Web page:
Friday, July 10, 2020


Fish in the Canagagigue Creek in Elmira, Ontario and downstream have the following compounds in their tissues at concentrations exceeding the Ontario Tissue Residue Guidelines (TRG) namely PCBs (polychlorinated biphenyls), Mercury, DDT, Dioxins/Furans, and more. These concentrations were minimized by the Ontario Ministry of Environment (MECP) using creative sampling techniques such as not sampling the livers of the fish as well as sampling lean tissues versus fatty tissues.

An environmental colleague and friend from out of town has sent me a history of major contamination events in Michigan, USA. There are both similarities and differences in the perpetrators as well as in the toxic compounds so readily released into the natural environment.

Shortly after the Second World war the U.S. government estimated that 5.9 million gallons of oil and other petroleum products were released into the Detroit and Rouge Rivers each year. There was a massive mortality of ducks and geese (11,000) that were killed by the oil etc. on the surfasce of the water. Downstream duck hunters collected the carcasses from the river and took them to the state capitol of Lansing, Michigan and dumped them on the State Capitol sidewalk in protest. This event started the industrial pollution control event in Michigan. Here in Elmira, Jeff Merriman of Chemtura once piously advised myself and CPAC members that the Chemtura site did not have petroleum hydrocarbons (PHC) in the sub-surface. Apparently he had forgotten the 10,000-15,000 gallons of PHC floating on the water table that had leaked out of Uniroyal's/Chemtura Building #15.

Michigan was the first state to ban DDT in 1969, three years before it was banned nationally in 1972. Throughout the 1950s and 60s there were massive die-offs of robins in various Michigan towns and cities due to DDT spraying. Grassroots activism ended the spraying practices and pushed for the ban.

In 1969 both the Rouge River and the Cuyahoga Rivers caught fire. The latter got most of the bad press and of course the cause was petroleum hydrocarbons (gas & oil) floating on the rivers from nearby industries.

Mercury, courtesy of Dow Chemical, was found in the sediments of the St. Clair River resulting in the closing of the fishery from southern Lake Huron to Lake Erie. This was the Mercury Crisis of 1970. Unlike in Elmira, Ontario, Dow Chemical spent $75 million back then to control leaking sources of mercury in sewers, drains and landfills plus another $18 million to remediate sediments in the river between 2001 and 2005. Here in Elmira we get peanut cleanups along with Risk Assessments and other paperwork games produced by Uniroyal/ Chemtura/ Lanxess Canada. That however still exceeds the token amounts of cleanup in northern Ontario caused by mercury discharge (Reid Paper) into the English/Wabigoon River systems.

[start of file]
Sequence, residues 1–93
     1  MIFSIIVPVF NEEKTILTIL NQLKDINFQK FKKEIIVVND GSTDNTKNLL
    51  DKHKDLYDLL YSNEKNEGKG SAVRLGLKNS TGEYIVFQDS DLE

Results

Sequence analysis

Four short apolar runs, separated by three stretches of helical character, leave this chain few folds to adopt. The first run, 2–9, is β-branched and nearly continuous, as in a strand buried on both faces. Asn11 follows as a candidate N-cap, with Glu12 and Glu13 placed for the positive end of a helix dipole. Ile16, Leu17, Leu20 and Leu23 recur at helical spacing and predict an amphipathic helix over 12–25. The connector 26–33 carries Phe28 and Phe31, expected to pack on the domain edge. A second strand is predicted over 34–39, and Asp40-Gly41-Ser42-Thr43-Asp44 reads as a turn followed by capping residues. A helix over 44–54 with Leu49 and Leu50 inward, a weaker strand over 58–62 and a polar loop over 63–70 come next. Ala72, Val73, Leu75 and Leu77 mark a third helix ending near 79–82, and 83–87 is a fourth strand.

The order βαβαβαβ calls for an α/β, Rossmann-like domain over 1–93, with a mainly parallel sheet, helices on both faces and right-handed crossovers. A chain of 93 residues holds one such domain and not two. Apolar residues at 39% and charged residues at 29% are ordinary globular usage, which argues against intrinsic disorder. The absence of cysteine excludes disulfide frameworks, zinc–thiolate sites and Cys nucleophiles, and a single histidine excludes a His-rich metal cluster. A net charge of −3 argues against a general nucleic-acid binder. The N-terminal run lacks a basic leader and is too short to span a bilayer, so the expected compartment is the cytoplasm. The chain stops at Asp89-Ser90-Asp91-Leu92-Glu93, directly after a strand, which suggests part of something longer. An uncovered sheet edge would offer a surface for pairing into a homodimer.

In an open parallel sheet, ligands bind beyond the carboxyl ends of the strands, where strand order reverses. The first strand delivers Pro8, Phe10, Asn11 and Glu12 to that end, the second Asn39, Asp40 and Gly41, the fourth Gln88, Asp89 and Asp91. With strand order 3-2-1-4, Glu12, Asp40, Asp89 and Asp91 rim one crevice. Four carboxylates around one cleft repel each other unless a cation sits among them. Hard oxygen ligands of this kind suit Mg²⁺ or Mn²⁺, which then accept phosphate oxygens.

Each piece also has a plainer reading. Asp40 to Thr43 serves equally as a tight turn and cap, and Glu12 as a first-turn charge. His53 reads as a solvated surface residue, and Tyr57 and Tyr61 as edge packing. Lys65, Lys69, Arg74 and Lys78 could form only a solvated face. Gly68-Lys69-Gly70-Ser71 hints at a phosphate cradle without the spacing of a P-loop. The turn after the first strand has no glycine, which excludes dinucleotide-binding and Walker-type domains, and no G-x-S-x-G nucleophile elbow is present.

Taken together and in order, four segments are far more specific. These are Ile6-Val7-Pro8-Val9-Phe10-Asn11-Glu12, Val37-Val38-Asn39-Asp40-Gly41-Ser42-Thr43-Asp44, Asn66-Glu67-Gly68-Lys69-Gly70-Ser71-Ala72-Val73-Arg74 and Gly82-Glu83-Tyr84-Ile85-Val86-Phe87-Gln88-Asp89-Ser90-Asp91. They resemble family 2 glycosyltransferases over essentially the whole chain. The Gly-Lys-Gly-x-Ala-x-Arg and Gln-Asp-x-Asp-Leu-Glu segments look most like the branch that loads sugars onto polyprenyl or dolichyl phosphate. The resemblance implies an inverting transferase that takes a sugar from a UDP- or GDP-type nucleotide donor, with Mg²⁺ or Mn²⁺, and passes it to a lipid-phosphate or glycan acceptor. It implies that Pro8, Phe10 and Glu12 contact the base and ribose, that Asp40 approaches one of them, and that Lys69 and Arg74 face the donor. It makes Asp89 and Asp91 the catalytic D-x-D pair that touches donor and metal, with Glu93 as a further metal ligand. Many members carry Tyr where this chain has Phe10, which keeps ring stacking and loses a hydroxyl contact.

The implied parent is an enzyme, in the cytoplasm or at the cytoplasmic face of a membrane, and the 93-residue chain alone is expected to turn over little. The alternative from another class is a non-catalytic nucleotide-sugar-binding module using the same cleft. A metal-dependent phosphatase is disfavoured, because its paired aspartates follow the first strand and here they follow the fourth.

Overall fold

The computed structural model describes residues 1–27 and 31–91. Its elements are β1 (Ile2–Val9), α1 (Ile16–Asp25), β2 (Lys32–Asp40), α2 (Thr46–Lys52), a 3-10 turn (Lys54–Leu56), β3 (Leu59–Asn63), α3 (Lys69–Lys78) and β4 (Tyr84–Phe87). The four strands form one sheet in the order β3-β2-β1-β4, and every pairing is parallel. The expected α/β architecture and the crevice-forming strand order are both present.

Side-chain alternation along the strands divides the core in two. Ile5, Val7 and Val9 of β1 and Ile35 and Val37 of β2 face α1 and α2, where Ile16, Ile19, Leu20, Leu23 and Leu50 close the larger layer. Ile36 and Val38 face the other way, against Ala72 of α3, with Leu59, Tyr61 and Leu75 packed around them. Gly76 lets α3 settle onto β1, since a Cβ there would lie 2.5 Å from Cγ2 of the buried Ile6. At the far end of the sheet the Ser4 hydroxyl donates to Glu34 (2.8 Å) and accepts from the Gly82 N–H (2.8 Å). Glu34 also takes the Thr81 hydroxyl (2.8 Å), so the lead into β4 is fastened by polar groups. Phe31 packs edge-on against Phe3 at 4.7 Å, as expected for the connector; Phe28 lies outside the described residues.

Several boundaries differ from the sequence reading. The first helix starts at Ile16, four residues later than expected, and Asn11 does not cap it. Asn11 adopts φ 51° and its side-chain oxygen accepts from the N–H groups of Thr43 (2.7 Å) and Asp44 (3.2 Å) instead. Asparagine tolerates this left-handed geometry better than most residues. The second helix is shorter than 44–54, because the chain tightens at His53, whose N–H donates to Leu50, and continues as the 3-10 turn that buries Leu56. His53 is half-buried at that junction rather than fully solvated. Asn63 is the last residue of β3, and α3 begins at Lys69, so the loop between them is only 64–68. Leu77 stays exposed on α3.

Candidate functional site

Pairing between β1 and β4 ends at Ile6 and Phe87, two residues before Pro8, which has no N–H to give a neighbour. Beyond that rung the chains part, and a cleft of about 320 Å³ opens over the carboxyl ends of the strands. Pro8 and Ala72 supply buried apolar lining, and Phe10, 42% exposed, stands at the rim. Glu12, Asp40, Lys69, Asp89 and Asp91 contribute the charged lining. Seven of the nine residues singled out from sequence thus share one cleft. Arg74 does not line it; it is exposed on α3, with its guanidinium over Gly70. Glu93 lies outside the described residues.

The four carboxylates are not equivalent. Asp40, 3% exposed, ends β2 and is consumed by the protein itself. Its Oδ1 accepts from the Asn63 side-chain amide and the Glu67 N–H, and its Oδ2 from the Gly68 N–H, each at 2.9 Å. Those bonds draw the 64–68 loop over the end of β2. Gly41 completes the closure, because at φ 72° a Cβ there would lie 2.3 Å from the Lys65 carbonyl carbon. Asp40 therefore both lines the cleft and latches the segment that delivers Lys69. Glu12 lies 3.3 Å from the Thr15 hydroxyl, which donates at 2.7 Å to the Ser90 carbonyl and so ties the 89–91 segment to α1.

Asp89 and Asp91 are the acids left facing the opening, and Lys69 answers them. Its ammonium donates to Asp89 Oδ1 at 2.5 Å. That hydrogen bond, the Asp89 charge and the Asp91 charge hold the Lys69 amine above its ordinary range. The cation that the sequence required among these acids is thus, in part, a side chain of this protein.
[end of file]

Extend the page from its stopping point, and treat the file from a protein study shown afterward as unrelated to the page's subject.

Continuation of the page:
Polybrominated Biphenyls (PBB) are kissing cousins of PCBs and also highly toxic. In the early 1970s Velsicol Chemical in Michigan inadvertently shipped PBBs to a livestock feed plant contaminating cattle, chickens, pigs, and humans. Furthermore the Pine River was contaminated from a nearby leaking landfill containing PBB wastes.

Again Dow Chemical managed to contaminate the Tittabawassee River in Michigan with dioxins. This river as well as the Saginaw River have had fish consumption advisory warnings for decades and Dow has been involved in the site cleanup. A recent major flood may have distributed these contaminants further downstream and into previously clean floodplains. Here in Elmira we are starting the Risk Assessment process in order to minimize the cleanup of both the sediments and the floodplain soils of the Canagagigue Creek. Meanwhile the landbased source areas remain unremediated and they too will continue to erode during flood events and carry the dioxins and more downstream into the Grand River.

Hooker Chemical were the source of contaminated chlorophenols to Uniroyal Chemical in Elmira, Ontario back in the 1950s and 60s. Hooker Chemical in Montague, Michigan produced hexachlorcyclopentadiene (C-56) and many other chlorinated hydrocarbons for use in pesticides all of which contaminated ground and surface waters in and around White lake, Michigan. Hooker started cleanup in 1981-82. Many of Hooker's chemicals are similar or identical to those improperly disposed of by Uniroyal Chemical in Elmira.

Dow Chemical again was responsible for the "blob" in the St. Clair River. This was a DNAPL chemical, namely perchloroethylene (PCE) which was discharged and sank to the bottom of the river where it would slowly dissolve over decades. Dow eventually recovered most of the nearly 3,000 gallons of PCE which it had spilled into the river. Elmira, Ontario has very little PCE but lots of other chlorinated solvents in their soils, ground water and surface waters such as chlorobenzene, chlorophenols etc.

What have our authorities learned from all of this? Apparently very little as they continue to delay unconscionably for decades and continue to "study" to death that which should have been cleaned up decades ago. "Study" however continues to be less expensive than cleanup and our politicians continue to back major polluters while publicly mouthing platitudes about a clean environment.

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